This month’s Daring Baker’s challenge, hosted by Kelly of Sass and Veracity, and Ben of What’s Cookin’ was to make a braided Danish. The second I saw the challenge, I started sweating bullets. This seems to be a theme for me with Daring Bakers. I had no idea how gluten-free flours would behave in a laminated dough, and I planned for failure. Actually, I planned for multiple failures, going so far as to find an alternate recipe in case I really struggled. Surprisingly though, my braid came off without a hitch. I tried sharing my technique, but other gluten-free bakers using similar flours struggled (nobody used the exact same combination). Over the course of the month, it became clear that part of the problem was the way gluten-free doughs behave in the fridge. Sweet rice flour (also known as gelatinous rice flour) holds up to refrigeration better than most, but refrigerating a dough overnight or for five hours, might not be the best plan. Several other gluten-free bloggers had success cutting the fridge time down to 10 minutes between turns and 30 minutes in the freezer before the final shaping. I think these times sound a little quick… the butter needs a chance to harden again or you will lose the flakiness. If I did it again, I would still let the dough rest 30 minutes between turns. But I would definitely cut the final fridge time down from five hours to something more like one or two (or use the freezer for 30). I have changed the directions to reflect these changes.

For the record, I would definitely make these danishes again. In fact, I meant to, all month. But, I’m trying to look good in a bathing suit this summer, and I devoured my entire braid in less than 24 hours, with minimal sharing. Needless to say, a repeat performance was not going to help my waistline. Still, my braid was flaky and flavorful. I loved the flavor of cardamom and orange in the pastry and the simplicity of the cinnamon-sugar and walnut filling. I will play more with the filling next time, but sometimes combinations are classic for a reason.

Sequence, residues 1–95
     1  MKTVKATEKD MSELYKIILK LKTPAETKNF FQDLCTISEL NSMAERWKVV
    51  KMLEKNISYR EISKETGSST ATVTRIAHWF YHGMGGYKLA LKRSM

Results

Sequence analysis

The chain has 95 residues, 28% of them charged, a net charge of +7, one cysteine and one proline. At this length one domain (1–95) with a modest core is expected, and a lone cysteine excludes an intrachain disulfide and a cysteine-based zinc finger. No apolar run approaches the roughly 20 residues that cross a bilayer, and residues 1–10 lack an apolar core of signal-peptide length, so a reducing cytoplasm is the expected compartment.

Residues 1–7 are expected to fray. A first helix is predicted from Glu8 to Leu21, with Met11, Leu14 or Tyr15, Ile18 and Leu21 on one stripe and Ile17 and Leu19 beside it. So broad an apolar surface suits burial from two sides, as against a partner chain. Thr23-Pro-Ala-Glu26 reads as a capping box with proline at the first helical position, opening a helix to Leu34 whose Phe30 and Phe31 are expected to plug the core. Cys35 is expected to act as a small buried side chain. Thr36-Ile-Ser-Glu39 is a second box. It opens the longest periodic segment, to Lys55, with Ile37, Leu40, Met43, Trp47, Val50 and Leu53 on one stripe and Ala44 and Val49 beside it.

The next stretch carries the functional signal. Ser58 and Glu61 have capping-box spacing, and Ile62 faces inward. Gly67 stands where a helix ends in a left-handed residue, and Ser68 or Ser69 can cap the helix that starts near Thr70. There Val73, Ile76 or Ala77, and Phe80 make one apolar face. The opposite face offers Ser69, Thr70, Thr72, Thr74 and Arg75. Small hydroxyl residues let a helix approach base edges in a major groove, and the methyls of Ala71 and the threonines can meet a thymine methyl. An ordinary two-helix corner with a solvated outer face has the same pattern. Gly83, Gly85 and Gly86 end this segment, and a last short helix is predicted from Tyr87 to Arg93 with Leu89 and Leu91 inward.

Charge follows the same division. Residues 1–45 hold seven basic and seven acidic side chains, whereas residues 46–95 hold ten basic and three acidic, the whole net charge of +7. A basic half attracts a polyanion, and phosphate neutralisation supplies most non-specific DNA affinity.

You can almost see the flakiness in this picture:

DANISH BRAID (adapted from Sherry Yard’s The Secrets of Baking
Makes enough for 2 large braids

Ingredients
1 recipe Danish Dough (see below)
2 cups Walnut & Pistachio Filling (see below)

For the egg wash: 1 large egg, plus 1 large egg yolk

1. Line a baking sheet with a silicone mat or parchment paper. On a lightly floured surface (I used parchment paper), roll the Danish Dough into a 15 x 20-inch rectangle, ¼ inch thick (my rectangle was not that big, don’t push the dough beyond where it wants to go). Place the dough on the baking sheet (I placed the parchment paper on the baking sheet).
2. Along one long side of the pastry make parallel, 5-inch-long cuts with a knife or rolling pastry wheel, each about 1 inch apart. Repeat on the opposite side, making sure to line up the cuts with those you’ve already made.
3. Spoon the filling you’ve chosen to fill your braid down the center of the rectangle. Starting with the top and bottom “flaps”, fold the top flap down over the filling to cover. Next, fold the bottom “flap” up to cover filling. This helps keep the braid neat and helps to hold in the filling. Now begin folding the cut side strips of dough over the filling, alternating first left, then right, left, right, until finished. Trim any excess dough and tuck in the ends.

Egg Wash
Whisk together the whole egg and yolk in a bowl and with a pastry brush, lightly coat the braid.

Proofing and Baking

1. Spray cooking oil (Pam…) onto a piece of plastic wrap, and place over the braid. Proof at room temperature or, if possible, in a controlled 90 degree F environment for about 2 hours, or until doubled in volume and light to the touch. (My braid needed a little help from the oven to rise, I heated the oven slightly and turned it off and let my braid proof there).
2. Near the end of proofing, preheat oven to 400 degrees F. Position a rack in the center of the oven.
3. Bake for 10 minutes, then rotate the pan so that the side of the braid previously in the back of the oven is now in the front. Lower the oven temperature to 350 degrees F, and bake about 10 minutes more, or until golden brown. Cool and serve the braid either still warm from the oven or at room temperature. The cooled braid can be wrapped airtight and stored in the refrigerator for up to 2 days, or freeze for 1 month.